That's oftentimes, in my experience, post-processing is more about subtlety. Subtle changes make the biggest difference. If you get too hard-core and you start pushing too hard on the plugins and changing the sound too dramatically, it starts to sound very unnatural and very unpleasant.

Then after I've done those steps then the final step is to loudness normalize. For example if I'm publishing to the web, somewhere on the web, normally what you're aiming for is a target of about -16 LUFS. That will ensure is that when someone is listening to your content on a plane or in a subway, train, taxi, car, which is a very poor listening environment typically. They're often listening with earbuds, which are not the best. They're listening on consumer grade devices like mobile phones, which don't have the best audio processing and amplification and so on and so forth. If you get the audio to a good consistent level and sounding good at -16 LUFS, it'll play back nicely in those environments as well. So that's usually the overview I guess of my post processing.

SL. -16 LUFS is super loud…

CJ. Well it's all relative. So the music services are normalizing to like -13 and -14 LUFS even louder. -16 is a good middle ground if you're publishing specifically for something that will be consumed on a mobile device or on the web somewhere with a laptop or on a phone, mostly on a phone these days. So those are very poor playback systems to be entirely honest and so you do have to push. There's always a trade-off. The louder you go the less dynamic range your audio will have and what I mean by that is if somebody whispers and then they shout you know that's kind of the dynamic range… that's an illustration of the width of you know you can capture the whispers and you can capture the shouts as well. If you do this loudness normalization you're getting rid of some of that dynamic range in the effort to make it louder. So there's a kind of a balanced, trade-off, there.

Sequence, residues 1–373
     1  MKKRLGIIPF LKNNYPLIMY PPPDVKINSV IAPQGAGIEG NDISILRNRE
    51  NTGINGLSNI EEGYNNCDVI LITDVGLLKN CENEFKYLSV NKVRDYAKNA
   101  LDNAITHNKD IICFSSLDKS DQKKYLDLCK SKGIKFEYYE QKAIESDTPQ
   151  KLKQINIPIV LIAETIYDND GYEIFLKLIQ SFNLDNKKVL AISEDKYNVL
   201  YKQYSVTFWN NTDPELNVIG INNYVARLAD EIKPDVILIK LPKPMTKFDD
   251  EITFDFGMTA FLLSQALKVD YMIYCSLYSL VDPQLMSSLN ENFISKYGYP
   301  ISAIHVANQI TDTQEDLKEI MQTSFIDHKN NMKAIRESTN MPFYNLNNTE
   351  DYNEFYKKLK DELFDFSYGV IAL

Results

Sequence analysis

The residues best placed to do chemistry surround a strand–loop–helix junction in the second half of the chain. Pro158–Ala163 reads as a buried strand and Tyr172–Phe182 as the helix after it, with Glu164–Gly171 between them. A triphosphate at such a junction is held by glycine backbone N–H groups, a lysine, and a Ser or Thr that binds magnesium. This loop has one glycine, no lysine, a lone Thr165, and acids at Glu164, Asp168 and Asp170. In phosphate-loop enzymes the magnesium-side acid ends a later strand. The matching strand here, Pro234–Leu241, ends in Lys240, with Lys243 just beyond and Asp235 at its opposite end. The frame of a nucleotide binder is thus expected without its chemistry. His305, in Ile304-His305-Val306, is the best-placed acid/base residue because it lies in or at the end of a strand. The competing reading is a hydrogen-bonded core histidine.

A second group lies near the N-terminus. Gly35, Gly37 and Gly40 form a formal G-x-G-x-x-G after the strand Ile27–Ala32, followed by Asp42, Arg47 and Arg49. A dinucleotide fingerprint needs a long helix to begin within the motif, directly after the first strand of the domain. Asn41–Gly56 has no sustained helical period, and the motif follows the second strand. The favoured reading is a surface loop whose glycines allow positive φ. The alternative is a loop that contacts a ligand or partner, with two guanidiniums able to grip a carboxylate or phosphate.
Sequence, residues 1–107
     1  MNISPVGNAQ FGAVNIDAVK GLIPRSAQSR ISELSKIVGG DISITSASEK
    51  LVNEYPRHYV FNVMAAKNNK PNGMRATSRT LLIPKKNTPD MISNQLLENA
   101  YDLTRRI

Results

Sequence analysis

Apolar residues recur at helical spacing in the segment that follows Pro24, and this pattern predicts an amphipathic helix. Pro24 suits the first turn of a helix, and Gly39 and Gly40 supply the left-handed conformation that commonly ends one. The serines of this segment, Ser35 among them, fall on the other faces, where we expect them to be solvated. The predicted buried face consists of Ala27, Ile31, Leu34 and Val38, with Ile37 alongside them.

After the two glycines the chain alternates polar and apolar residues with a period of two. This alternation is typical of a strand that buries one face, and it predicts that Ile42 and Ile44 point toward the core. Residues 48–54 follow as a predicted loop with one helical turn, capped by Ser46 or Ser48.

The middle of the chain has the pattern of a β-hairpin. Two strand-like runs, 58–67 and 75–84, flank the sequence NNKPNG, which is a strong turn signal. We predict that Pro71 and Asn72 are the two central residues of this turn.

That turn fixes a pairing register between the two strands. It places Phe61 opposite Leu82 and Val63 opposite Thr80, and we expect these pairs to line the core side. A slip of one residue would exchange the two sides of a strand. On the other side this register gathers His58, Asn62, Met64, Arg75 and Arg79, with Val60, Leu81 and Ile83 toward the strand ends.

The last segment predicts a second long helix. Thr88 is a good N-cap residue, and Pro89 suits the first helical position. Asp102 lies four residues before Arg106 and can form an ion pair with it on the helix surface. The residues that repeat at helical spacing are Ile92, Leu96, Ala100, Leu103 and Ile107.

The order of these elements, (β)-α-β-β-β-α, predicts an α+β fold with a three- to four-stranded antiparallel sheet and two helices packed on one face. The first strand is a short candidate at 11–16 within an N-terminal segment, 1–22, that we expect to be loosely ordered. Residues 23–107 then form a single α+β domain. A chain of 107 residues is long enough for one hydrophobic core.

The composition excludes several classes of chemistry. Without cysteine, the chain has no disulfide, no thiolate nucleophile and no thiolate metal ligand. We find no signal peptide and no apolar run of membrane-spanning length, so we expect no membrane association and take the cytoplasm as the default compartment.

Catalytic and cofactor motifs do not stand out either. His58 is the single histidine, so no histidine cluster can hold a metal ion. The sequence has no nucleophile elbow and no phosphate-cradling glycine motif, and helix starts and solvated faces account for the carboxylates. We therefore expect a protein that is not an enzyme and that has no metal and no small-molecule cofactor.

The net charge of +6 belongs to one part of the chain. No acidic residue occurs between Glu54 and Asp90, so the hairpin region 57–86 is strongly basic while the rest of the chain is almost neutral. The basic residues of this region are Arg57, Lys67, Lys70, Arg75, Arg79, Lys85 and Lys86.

Now if I'm going to produce something that's going to be viewed in a theatre, I want to keep a lot more of that dynamic range because we're going to be working with a playback system that's much more capable, it's much better, and the whole listening environment is set up to be much better as well. That's why movies always sound so much better than typically what you're going to watch on your phone. So in that case I might just normalize to -24 LUFS as opposed to -16.

SL. When it comes to mastering with music, have you done anything about that? That's another art, I guess…

CJ. That's another art. Yeah, very difficult. Well, I mean I've mixed some films and for me the approach to mastering is very simple. It's more about loudness and consistency. In music mastering takes on an entirely different meaning or an additional meaning as well, where they're doing more… not only they are they optimizing the loudness of the music, but they're also… they're like a next level mixer, almost they're making sure that the different instruments are managed a little bit differently so that they get the different effect that they're looking for. It's a little bit ephemeral the description…

SL. So they try to match the frequencies of different instruments so that sound well when they are played together…

CJ. I think so. I think sometimes the mixing engineer will do some of that. Sometimes the mastering engineer will do some of that so it's a little bit of a shared responsibility depending on the situation but yeah that's the idea that's the idea.

SL. What setup are you using for the live stream at the moment?

CJ. I have a switcher, I have an overhead camera. A lot of times my live streams are more educational in nature. What I'm trying to do is demonstrate products and how to operate them. So I'll have my main camera, my Canon C200, and then I'll have the overhead camera that's looking down on my desk so I can just show the product and how to operate it.